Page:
Arginine Nitrate is the newest approach to nitric oxide boosters, utilizing this secondary pathway for a more sustained, long-lasting effect. You might be wondering the difference between these two pathways, and it’s this: While the first depends on oxygen for its effectiveness, the second does not nearly as much. The takeaway for the consumer is that during intense exercise, in the middle or toward the end of your workout when your body is low on oxygen anyway, the L-Arginine NO Synthase pathway is much less effective, and NO production won’t last as long. You’ll have a great start to the workout, but it may not last. The N3O pathway, accessed by Arginine Nitrate, doesn’t rely on oxygen nearly as much, meaning a longer, sustained effect that will last through your final reps.

You might be wondering why Arginine Nitrate is important, or what it does. First, we’ll start off with pure L-Arginine, an essential amino acid that plays a big part in many important bodily functions, including immune function and muscle building. But it’s also an immediate precursor to nitric oxide, and as a peer-reviewed article in Biomedicine and Pharmacotherapy points out, this makes it crucial when vasodilation — the expansion of blood vessels for better blood flow — is needed. Bonded with a nitrate, this provides improved blood flow to and from the heart, maximizing that sought-after pump and vascularity.

With improved vasodilation and blood flow over a longer period, the end product for the athlete is the highest possible nutrient delivery during the workout. This is important because of the muscles’ desperate need for vital nutrients to recover, rebuild and sustain strength and endurance.

Because it contains no stimulants and uses a different pathway for Arginine Nitrate, it’s recommended that ANX-P3 be stacked with other, stimulant-based pre-workouts for a superior pump.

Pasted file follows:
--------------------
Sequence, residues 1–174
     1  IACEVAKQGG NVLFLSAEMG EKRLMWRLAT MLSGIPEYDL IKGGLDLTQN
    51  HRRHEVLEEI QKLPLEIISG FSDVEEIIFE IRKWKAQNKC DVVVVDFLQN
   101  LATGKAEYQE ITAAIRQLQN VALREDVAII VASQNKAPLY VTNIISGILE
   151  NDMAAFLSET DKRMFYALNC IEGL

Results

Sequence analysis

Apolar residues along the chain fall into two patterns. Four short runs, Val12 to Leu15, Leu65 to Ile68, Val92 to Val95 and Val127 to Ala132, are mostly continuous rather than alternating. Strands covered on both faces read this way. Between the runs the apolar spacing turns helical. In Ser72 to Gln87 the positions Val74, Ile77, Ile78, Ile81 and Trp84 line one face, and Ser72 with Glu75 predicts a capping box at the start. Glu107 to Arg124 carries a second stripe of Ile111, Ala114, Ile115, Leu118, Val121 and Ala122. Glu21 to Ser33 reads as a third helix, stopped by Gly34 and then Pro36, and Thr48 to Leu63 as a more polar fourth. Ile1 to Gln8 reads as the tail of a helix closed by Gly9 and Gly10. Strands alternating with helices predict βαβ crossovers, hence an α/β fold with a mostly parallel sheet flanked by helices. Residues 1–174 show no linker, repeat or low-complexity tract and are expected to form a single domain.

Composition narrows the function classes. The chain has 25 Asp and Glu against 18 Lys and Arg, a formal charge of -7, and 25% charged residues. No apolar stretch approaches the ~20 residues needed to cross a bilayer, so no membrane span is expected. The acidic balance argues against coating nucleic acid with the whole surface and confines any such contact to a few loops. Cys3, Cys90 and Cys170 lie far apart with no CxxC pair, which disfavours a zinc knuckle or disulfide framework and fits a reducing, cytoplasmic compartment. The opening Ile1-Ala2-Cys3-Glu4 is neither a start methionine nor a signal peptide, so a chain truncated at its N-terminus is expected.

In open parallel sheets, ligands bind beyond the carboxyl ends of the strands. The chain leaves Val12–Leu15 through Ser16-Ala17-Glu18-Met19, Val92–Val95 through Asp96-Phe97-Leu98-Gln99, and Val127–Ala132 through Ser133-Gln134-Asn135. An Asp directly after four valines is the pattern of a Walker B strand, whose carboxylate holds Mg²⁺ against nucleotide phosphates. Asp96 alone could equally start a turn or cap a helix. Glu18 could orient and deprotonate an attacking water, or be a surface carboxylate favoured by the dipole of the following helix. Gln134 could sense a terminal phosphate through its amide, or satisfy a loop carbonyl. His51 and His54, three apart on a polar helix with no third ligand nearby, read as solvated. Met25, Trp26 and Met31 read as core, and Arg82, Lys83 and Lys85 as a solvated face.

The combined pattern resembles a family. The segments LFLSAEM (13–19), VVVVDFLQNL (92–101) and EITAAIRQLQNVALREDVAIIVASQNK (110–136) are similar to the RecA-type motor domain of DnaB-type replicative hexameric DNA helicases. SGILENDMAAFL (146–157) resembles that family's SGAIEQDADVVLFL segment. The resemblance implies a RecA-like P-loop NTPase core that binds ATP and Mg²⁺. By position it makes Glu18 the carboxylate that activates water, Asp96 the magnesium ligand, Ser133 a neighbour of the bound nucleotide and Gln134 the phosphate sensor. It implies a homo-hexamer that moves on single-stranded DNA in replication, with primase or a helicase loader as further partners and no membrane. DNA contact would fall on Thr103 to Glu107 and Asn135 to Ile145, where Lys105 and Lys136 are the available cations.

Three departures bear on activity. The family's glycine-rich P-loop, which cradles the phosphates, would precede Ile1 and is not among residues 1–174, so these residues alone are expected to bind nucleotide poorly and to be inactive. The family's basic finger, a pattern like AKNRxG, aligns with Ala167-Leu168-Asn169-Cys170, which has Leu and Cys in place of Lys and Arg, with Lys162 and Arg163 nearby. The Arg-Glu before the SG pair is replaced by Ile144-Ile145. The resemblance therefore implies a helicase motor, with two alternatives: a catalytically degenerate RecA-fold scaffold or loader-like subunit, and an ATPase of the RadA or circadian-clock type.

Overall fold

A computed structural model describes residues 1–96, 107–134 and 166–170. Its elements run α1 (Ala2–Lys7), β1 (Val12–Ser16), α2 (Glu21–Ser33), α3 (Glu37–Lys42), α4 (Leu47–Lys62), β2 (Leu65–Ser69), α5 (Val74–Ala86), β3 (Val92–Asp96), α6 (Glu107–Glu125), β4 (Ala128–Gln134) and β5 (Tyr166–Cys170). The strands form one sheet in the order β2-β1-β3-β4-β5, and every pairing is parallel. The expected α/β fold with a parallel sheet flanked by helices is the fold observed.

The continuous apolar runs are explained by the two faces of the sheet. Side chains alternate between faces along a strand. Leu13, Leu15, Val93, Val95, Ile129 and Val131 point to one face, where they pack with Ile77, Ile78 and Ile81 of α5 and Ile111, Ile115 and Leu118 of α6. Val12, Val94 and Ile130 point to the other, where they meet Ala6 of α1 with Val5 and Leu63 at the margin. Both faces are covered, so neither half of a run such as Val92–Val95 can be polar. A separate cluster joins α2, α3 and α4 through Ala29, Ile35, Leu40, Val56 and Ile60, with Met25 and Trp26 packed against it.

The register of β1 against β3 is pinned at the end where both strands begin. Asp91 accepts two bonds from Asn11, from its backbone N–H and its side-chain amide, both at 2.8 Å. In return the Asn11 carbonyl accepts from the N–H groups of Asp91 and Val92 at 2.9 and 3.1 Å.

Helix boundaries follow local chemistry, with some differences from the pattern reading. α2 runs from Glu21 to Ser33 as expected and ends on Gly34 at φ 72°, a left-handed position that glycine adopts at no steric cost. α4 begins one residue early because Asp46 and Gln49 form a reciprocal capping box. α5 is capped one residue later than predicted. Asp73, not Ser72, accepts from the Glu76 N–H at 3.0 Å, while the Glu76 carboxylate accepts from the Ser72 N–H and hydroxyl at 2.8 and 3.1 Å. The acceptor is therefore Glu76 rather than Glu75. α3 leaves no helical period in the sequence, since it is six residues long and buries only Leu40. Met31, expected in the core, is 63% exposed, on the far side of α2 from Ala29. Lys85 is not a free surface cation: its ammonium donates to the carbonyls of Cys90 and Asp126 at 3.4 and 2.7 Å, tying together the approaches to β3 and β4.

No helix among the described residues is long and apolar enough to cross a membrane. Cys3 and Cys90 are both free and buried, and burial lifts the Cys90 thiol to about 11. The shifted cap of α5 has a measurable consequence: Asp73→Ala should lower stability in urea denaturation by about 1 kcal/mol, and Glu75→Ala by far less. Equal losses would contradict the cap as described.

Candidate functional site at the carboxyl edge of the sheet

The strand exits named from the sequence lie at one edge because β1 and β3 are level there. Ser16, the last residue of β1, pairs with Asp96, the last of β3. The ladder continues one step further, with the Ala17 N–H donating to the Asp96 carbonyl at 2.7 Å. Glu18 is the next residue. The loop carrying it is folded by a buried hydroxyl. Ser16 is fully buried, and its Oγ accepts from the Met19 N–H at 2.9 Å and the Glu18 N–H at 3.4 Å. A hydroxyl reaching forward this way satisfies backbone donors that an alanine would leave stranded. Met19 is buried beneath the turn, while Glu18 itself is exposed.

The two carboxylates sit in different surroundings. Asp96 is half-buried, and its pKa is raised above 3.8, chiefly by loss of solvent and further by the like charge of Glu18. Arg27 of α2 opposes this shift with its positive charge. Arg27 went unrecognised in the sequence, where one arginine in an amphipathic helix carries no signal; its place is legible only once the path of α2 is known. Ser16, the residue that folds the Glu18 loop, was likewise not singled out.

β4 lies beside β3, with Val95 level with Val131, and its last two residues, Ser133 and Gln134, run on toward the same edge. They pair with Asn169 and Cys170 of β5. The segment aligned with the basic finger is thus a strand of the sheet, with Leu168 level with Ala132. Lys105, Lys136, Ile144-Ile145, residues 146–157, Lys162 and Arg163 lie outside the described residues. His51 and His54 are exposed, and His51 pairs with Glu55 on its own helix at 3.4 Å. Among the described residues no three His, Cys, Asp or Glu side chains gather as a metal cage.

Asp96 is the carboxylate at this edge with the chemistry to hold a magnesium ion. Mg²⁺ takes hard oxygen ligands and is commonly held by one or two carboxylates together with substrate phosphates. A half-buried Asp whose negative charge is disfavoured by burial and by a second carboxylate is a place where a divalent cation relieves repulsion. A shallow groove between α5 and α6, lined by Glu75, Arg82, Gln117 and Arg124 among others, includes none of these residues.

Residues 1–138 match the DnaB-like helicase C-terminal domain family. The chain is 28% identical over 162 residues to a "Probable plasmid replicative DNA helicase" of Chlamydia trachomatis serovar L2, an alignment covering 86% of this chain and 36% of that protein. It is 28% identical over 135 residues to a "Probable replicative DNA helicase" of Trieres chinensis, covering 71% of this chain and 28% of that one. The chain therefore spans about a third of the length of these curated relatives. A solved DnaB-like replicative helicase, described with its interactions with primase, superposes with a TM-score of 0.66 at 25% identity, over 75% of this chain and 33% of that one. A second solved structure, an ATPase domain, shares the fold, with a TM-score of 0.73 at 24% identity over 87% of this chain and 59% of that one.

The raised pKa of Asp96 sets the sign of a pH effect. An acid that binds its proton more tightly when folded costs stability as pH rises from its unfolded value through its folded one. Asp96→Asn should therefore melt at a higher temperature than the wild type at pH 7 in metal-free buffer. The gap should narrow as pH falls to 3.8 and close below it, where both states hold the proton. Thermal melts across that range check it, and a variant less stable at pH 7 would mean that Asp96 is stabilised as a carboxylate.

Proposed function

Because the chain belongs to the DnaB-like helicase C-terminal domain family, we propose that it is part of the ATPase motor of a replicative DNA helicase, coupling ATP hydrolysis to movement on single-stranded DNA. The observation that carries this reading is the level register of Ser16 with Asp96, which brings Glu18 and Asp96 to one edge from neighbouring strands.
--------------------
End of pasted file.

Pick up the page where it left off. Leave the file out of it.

NOXP3_HdlnThe next-lowest caffeine level among NUTRISHOP’s quality pre-workout supplements is NO-XP3. With 100 mg of caffeine, it’s about equivalent to a cup of coffee, making it a solid choice for your mid-morning workouts even if you’ve had some actual coffee earlier on. Specifically, NO-XP3 has advantages over other, more stimulant-dependent pre-workouts, namely vasodilation.

What you’re looking for with a nitric oxide supplement is a product that will improve your body’s ability to deliver nutrient-rich blood to the muscles — that’s the “pump” effect we’re talking about. The problem with many products is they don’t actually dilate the blood vessels to do this; instead, they constrict them, providing a higher heart rate and a fake pump. That’s NOT what you’re after — you actually want the blood moving!

Five blends in N.O.XP3 are designed to help promote the pump and gains in strength, size, vascularity and workout focus:

Pump Blend: This is the crown jewel, so to speak, of N.O.XP3! This blend is aimed at increasing blood flow, not just simulating it, with a specifically dosed blend of L-Arginine Alpha-Ketoglutarate (AAKG), Citrulline Nitrate and GlycoCarn, among others. Citrulline Nitrate (more on it later this week) is an important, natural precursor to nitric oxide, AAKG helps to metabolize nitric oxide faster and also helps in protein synthesis, and GlyoCarn is quite simply one of the best nitric oxide boosters available.